Early in the war last year that toppled Col. Muammar el-Qaddafi of Libya, NATO aircraft attacked a government ammunition depot on the high desert plateau of the country’s west.
Libyans residing many miles away would later report feeling a series of earth-shaking blasts — the results of bomb after bomb striking concrete bunkers and detonating ordnance stored inside. The depot, in Ga’a, then fell to anti-Qaddafi fighters, who overran the place and looted it of anything they might use or sell. Tons beyond counting of dangerous items remained behind, stacked in broken bunkers or scattered on the desert floor after being heaved out.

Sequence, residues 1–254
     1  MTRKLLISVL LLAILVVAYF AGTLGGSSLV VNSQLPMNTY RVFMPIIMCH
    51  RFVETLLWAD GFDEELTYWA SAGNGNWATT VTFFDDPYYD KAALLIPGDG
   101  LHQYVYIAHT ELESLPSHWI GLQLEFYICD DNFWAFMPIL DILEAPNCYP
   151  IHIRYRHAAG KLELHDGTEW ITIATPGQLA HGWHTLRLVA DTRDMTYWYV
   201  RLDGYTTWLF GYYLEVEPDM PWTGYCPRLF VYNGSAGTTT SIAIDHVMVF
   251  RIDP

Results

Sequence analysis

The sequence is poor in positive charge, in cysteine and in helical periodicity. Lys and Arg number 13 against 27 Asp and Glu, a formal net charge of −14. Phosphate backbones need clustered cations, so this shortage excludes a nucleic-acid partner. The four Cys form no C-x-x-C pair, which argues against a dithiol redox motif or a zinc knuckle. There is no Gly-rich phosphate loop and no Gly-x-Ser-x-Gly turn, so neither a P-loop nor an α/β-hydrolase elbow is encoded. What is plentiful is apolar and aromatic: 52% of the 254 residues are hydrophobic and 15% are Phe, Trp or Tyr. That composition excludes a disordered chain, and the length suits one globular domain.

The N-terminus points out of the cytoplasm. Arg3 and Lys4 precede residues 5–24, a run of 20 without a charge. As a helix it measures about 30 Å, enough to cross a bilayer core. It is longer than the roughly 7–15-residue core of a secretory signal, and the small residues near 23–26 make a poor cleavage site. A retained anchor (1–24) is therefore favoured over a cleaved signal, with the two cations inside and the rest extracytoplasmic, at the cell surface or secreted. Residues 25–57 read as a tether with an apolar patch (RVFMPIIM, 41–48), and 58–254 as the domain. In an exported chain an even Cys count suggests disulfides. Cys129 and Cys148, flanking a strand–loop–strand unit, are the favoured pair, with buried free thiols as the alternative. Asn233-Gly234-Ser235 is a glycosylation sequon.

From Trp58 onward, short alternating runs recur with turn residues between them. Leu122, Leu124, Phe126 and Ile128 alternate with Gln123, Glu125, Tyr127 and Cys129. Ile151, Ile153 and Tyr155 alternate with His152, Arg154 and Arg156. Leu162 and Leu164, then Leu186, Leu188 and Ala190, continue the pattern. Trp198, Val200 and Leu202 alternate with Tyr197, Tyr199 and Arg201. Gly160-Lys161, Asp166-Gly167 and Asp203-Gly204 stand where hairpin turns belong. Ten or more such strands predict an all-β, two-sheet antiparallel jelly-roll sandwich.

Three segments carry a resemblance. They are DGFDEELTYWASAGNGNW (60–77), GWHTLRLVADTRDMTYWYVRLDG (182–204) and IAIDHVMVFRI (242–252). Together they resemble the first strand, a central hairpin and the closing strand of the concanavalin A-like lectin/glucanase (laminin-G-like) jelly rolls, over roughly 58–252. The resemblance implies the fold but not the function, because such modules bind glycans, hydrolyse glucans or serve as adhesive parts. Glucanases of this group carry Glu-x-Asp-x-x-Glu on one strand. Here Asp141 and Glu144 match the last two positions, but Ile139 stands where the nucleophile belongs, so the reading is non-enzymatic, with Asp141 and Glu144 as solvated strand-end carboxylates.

Among the deadly refuse were weapons that we could not identify, one sample of which is shown at the top of the post, plainly labeled “DANGER EXPLOSIVE DO NOT TOUCH.” If that warning were not enough, the bright yellow stripe — a common paint scheme on munitions that typically signals that an item contains high explosives — further indicated that this was a hazardous device that should not be handled or disturbed. When we spotted it, we made a quick set of photographs, moved on and later began showing the images around. We wondered: Is this a grenade fired from a vehicle mount, or perhaps something else? No explanation seemed to fit.